Arizona Fall League Notebook: Oct. 25

MESA, Ariz.–Astros’ righthander Brad James cruised through the high Class A Carolina League at Salem with nary a problem in 2007.

James, a 2004 29th-round pick out of North Central (Texas) Junior College–the same school as Astros’ catcher J.R. Towles–often relied on nothing but his sinker during his stint with the Avalanche and rarely focused on his secondary stuff.

For James, there was no reason to.

His 88-91 mph sinker and slider equaled 9-2, 1.98 numbers at Salem, where he rolled up ground ball after ground ball and held opposing hitters to a .207 average.

But after he was promoted to Double-A Corpus Christi, James ran into trouble. His sinker alone wasn’t going to cut it against much more advanced hitters in a bat-friendly league like the Texas League, where the 23-year-old righthander finished the year completely on the flip side of his Carolina League success.

In 47 innings, James went 1-5, 5.17 and hitters nearly hit .300 against him.

So far in the Arizona Fall League, James is 1-0, 3.27; has allowed just one walk in 11 innings and is the proud owner of a 2.22 GO/AO ratio.

“In Salem, he was like ‘the guy.’ “ Mesa manager Dave Clark, who also had James in Corpus Christi, said. “He was leading the league in everything. But when he got to Double-A, he found out pretty quick that it’s not that easy of a jump.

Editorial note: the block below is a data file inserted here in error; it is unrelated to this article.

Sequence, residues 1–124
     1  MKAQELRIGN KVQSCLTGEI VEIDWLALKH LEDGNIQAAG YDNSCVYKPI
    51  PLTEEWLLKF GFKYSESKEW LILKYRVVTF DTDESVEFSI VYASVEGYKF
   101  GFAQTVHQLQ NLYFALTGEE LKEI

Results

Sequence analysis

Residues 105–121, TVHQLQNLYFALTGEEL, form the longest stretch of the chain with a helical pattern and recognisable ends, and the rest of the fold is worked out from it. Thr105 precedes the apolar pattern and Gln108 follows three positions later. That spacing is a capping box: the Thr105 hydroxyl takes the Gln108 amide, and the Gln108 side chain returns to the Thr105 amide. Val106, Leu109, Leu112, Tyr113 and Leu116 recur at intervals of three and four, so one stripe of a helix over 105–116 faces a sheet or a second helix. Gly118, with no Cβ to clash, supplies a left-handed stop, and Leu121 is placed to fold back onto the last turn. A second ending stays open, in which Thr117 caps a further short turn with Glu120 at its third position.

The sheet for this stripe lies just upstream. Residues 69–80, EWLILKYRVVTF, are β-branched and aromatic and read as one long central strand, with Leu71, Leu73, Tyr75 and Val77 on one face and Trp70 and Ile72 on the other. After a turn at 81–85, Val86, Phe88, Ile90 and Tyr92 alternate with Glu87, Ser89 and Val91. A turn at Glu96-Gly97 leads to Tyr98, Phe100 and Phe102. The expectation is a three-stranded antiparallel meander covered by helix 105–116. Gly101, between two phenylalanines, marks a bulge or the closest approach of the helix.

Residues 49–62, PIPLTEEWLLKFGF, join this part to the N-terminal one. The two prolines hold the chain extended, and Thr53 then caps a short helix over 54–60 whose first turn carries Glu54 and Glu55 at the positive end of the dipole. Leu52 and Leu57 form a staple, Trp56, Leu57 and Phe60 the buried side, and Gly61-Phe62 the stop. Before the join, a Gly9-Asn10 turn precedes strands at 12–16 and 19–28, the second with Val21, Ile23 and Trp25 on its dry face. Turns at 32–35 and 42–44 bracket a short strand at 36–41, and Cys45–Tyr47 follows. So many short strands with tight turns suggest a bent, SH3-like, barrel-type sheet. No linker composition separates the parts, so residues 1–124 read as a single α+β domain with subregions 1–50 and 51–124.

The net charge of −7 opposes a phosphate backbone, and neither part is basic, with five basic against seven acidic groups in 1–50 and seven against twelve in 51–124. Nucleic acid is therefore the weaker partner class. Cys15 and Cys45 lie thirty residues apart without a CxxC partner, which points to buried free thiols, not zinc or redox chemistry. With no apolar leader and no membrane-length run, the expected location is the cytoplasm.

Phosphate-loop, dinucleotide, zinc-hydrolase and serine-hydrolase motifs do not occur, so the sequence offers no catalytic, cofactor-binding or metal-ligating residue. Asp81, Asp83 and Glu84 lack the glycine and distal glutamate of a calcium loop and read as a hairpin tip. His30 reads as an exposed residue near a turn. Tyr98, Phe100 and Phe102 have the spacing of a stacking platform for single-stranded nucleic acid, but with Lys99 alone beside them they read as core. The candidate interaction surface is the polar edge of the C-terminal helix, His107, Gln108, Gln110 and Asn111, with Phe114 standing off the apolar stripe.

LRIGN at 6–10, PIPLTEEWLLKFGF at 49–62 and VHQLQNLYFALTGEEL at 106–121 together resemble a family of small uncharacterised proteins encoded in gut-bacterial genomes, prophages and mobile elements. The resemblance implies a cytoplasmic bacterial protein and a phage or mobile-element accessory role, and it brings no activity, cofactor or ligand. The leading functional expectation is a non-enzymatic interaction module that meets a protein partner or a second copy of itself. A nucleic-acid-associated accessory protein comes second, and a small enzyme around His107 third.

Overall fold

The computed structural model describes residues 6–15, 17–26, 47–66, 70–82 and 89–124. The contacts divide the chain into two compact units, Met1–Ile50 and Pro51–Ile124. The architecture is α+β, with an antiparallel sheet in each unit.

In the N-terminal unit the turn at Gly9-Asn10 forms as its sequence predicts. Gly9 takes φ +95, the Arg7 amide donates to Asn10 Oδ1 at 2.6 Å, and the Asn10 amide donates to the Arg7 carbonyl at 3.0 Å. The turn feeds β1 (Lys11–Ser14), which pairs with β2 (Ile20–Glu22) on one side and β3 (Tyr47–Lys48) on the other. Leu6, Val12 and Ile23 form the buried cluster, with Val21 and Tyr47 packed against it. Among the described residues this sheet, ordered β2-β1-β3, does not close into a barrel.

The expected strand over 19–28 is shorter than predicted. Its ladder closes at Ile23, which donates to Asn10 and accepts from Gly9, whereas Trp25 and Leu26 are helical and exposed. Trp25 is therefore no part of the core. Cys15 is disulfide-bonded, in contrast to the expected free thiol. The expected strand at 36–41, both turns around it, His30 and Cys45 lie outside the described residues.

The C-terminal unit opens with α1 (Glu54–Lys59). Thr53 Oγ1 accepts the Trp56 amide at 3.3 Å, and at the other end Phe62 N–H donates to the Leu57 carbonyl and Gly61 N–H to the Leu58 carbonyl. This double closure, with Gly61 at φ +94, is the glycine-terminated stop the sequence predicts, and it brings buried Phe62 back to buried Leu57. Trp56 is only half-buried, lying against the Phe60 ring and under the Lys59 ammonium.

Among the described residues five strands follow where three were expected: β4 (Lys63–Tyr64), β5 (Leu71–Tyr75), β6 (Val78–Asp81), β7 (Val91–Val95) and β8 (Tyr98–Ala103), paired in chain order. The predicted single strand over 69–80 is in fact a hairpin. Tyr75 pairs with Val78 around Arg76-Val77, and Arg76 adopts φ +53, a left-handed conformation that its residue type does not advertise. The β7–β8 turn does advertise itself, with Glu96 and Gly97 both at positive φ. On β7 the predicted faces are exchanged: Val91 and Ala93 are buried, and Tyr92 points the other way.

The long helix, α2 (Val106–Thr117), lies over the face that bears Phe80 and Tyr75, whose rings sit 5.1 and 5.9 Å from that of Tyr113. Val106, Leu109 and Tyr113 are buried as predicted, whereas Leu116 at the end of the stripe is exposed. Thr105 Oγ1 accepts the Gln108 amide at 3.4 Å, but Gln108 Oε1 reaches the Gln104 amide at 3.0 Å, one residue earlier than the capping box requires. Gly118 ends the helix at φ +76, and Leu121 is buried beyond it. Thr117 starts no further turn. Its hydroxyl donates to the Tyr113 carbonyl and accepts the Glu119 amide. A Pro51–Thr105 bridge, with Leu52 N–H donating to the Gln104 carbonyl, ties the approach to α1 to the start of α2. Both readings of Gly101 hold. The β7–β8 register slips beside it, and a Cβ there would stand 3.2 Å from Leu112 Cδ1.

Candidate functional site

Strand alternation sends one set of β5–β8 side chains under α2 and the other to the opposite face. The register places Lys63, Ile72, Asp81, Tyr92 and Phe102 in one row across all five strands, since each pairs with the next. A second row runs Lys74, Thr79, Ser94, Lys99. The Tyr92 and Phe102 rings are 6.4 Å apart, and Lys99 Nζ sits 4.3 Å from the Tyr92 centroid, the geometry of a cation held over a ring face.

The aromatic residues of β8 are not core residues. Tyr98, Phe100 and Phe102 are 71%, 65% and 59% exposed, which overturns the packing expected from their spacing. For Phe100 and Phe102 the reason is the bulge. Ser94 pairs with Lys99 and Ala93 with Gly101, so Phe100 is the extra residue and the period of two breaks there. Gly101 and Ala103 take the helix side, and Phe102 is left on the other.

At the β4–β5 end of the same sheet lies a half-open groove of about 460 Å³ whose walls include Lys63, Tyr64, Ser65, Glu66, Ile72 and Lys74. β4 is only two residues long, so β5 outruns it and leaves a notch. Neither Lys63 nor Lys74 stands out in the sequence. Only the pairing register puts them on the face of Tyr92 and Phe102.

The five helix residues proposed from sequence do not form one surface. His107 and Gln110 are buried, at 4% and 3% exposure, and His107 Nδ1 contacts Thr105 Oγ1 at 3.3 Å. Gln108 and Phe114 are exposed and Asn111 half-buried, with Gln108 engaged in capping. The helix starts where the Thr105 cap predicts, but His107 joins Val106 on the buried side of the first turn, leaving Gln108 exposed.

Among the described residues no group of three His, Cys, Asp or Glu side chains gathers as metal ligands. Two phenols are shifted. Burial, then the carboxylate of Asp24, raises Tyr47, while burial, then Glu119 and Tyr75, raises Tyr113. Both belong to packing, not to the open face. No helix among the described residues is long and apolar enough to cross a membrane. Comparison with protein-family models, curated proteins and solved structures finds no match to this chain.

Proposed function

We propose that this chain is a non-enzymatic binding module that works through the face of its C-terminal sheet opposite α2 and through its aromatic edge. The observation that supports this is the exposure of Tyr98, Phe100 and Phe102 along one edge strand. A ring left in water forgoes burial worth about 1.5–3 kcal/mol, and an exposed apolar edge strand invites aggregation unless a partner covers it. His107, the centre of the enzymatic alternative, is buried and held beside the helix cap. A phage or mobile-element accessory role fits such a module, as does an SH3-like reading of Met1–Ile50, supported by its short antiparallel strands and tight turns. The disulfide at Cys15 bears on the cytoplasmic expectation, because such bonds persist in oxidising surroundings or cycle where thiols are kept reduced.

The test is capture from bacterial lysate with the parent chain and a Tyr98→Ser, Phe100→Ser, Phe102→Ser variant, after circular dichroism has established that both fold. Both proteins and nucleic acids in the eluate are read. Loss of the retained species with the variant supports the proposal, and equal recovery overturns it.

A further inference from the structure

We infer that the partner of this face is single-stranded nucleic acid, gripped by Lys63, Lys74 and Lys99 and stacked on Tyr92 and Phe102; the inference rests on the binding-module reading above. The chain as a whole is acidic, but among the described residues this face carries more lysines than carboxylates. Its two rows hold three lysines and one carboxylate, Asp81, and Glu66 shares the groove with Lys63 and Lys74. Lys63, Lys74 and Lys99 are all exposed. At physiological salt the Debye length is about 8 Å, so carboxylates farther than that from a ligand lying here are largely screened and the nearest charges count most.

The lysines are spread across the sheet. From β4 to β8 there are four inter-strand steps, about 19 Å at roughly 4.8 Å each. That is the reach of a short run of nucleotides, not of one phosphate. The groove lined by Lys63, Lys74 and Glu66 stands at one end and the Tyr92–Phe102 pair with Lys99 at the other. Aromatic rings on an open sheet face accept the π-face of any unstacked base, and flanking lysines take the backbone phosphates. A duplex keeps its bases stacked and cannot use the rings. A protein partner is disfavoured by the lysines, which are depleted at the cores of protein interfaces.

“More than anything, it was a learning experience for him. Whenever he’d get out there, he’d be so amped up. And hell, he was out of gas by the third or fourth inning just trying to use all his pitches and trying to overthrow everything.”

The Prosper, Texas native was able to settle in at times in Double-A, but Houston sent him to the AFL to get more innings while using his full arsenal of pitches.

And that includes a changeup. James wanted to have success so badly during the regular season that he rarely used the pitch in high Class A, and his third pitch still lags behind his sinking fastball and slider.

“For me, this is a late-round guy who wanted to get noticed,” said a scout from an American League club. “And he did, but at the expense of his development in some ways. Yeah, the sinker is good and the slider could be an out pitch for him. But his arm speed and location make his changeup a below-average pitch. He shows some potential with it sometimes, but this is a two-pitch guy for the most part.”

More Fuld

Not to get all Peter Gammons on everyone, but Cubs outfielder Sam Fuld–a Gammons favorite seemingly forever–is tearing up the AFL as the season closes in on the end of the first half.

Tuesday marked the first time the 2004 10th-rounder failed to reach base in 13 AFL games after he went 0-for-3 in Mesa’s 9-3 loss to the Peoria Saguaros.

But other than that, Fuld has more than opened the eyes of every scout and front-office executive he’s played in front of.

In 53 at-bats, Fuld is hitting .353/.435/.604 with a pair of home runs, a pair of triples and four doubles. He can play any outfield spot and serves as the Solar Sox’ leadoff man to set the tone in the lineup for the big bats–like Brewers’ outfielder Matt LaPorta.